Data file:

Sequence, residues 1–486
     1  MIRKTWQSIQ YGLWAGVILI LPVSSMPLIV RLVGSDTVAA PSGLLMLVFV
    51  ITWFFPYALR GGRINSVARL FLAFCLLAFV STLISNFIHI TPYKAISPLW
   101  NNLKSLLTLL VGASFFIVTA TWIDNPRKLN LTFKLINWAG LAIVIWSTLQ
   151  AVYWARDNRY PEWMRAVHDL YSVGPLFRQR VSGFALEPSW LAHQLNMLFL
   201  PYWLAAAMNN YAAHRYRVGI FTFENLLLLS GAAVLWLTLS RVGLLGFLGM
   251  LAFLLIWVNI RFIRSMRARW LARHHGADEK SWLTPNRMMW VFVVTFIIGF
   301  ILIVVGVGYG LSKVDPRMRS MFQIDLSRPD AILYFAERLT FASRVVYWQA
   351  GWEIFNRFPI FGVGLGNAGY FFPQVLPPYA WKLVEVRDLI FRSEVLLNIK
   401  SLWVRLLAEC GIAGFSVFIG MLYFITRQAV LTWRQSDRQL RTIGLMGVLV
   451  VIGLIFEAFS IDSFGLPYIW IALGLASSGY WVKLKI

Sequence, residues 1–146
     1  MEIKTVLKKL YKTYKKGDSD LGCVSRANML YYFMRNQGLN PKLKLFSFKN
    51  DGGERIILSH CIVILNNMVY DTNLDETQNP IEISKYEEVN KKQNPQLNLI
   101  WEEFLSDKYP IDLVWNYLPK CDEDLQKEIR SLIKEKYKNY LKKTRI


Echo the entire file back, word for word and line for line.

Sequence, residues 1–486
     1  MIRKTWQSIQ YGLWAGVILI LPVSSMPLIV RLVGSDTVAA PSGLLMLVFV
    51  ITWFFPYALR GGRINSVARL FLAFCLLAFV STLISNFIHI TPYKAISPLW
   101  NNLKSLLTLL VGASFFIVTA TWIDNPRKLN LTFKLINWAG LAIVIWSTLQ
   151  AVYWARDNRY PEWMRAVHDL YSVGPLFRQR VSGFALEPSW LAHQLNMLFL
   201  PYWLAAAMNN YAAHRYRVGI FTFENLLLLS GAAVLWLTLS RVGLLGFLGM
   251  LAFLLIWVNI RFIRSMRARW LARHHGADEK SWLTPNRMMW VFVVTFIIGF
   301  ILIVVGVGYG LSKVDPRMRS MFQIDLSRPD AILYFAERLT FASRVVYWQA
   351  GWEIFNRFPI FGVGLGNAGY FFPQVLPPYA WKLVEVRDLI FRSEVLLNIK
   401  SLWVRLLAEC GIAGFSVFIG MLYFITRQAV LTWRQSDRQL RTIGLMGVLV
   451  VIGLIFEAFS IDSFGLPYIW IALGLASSGY WVKLKI

Sequence, residues 1–146
     1  MEIKTVLKKL YKTYKKGDSD LGCVSRANML YYFMRNQGLN PKLKLFSFKN
    51  DGGERIILSH CIVILNNMVY DTNLDETQNP IEISKYEEVN KKQNPQLNLI
   101  WEEFLSDKYP IDLVWNYLPK CDEDLQKEIR SLIKEKYKNY LKKTRI